Reflection and Refraction of Waves
(Explanation by Huygens' Principle)

This applet is a tutorial which explains the reflection and the refraction of waves by the principle of Huygens. Explanations for each of the steps are provided in the text box. Whenever a step is finished, press the "Next Step" button. You can stop and continue the simulation by using the "Pause / Resume" button.  It is possible to vary the index of refraction of both media and the angle of incidence (be sure to hit return). The medium with the smaller index of refraction (the faster medium) is colored yellow.

You need to view this with a browser that supports Java. Upgrade if you can.

Christian Huygen (1629-1695) is said to have gained most of his insights into wave motion by observing waves in a canal.  Huygens was the first major proponent of the wave theory of light.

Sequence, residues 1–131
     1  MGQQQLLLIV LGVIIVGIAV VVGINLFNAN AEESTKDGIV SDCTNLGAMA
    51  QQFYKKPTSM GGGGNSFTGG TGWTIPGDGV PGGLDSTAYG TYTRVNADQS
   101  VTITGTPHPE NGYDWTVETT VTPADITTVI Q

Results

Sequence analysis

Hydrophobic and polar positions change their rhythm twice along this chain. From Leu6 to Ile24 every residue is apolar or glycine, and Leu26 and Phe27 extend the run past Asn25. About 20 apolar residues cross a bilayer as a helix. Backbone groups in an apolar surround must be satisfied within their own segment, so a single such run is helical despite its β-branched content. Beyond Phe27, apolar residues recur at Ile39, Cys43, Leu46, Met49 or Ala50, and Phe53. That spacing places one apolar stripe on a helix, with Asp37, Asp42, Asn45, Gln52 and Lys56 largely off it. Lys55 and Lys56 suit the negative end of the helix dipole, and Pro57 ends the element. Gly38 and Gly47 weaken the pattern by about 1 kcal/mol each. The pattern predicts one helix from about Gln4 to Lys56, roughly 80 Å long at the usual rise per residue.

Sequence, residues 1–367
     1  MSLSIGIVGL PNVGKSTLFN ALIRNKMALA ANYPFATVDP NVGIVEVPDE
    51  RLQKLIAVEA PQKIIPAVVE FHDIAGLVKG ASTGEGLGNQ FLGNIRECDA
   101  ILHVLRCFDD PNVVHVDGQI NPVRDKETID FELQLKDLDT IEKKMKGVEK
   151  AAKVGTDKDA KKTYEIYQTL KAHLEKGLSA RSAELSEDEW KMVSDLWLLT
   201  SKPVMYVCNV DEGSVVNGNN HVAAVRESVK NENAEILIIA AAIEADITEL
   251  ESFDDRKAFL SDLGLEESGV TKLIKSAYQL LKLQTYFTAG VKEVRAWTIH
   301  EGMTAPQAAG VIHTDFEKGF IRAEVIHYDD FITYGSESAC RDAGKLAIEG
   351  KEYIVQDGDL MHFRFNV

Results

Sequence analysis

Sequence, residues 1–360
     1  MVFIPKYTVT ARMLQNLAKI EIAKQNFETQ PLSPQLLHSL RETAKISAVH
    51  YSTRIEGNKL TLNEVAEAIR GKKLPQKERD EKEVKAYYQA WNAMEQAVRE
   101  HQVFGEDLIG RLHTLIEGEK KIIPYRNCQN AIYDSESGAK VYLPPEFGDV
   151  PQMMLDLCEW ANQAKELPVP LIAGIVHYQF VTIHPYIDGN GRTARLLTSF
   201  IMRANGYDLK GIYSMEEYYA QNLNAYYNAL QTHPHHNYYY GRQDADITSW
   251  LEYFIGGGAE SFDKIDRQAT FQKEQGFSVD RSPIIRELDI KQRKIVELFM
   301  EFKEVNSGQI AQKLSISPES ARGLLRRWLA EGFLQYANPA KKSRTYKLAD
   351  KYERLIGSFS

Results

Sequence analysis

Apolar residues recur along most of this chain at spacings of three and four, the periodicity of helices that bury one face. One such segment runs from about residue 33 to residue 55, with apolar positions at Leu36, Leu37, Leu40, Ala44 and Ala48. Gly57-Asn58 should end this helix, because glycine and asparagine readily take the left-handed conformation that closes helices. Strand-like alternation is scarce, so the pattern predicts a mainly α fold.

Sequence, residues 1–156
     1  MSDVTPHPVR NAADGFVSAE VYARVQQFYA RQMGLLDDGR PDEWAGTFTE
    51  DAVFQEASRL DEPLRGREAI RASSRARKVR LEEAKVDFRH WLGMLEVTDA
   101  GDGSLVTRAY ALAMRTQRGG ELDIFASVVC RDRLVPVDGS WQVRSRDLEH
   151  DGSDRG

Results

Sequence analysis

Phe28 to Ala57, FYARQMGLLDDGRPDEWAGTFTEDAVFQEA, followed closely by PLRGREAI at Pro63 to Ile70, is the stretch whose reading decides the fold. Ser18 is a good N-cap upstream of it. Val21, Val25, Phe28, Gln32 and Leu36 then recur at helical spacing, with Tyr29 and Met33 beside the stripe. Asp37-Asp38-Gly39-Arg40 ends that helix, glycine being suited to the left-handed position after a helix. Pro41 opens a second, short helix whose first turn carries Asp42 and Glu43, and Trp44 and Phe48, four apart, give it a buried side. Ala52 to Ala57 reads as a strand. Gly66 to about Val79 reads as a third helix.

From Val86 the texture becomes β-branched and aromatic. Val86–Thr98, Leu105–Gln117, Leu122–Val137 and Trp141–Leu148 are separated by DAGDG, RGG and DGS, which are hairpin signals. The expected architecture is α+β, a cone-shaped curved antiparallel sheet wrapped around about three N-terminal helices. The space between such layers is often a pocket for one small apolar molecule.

Huygens' Principle
Every point on a wave front can be thought of as a new point source for waves generated in the direction the wave is traveling or being propogated.

In the simulation shown above, both reflection and refraction are shown from the point of view of Huygens' Principle.  A few sample points along the boundary of the two mediums are shown in pink and the wave is shown being reflected and refracted off these points.  In reality, there would be an infinite number of pink points along the way.  However the effect would still be the same.

This simlulation was created by Walter Fendt.
Walter Fendt, March 5, 1998

Last modification: January 16, 1999

Explanation modified by Science Joy Wagon

Thanks to professor Taha Mzoughi (Mississippi State University) for the translation of the applet!

[Home]  [Physics Lessons]  [Physics Review]  [Physics Links]

This web site is designed and maintained by Science Joy Wagon and may not be reproduced or redistributed without written permission from Science Joy Wagon.
Contact with comments.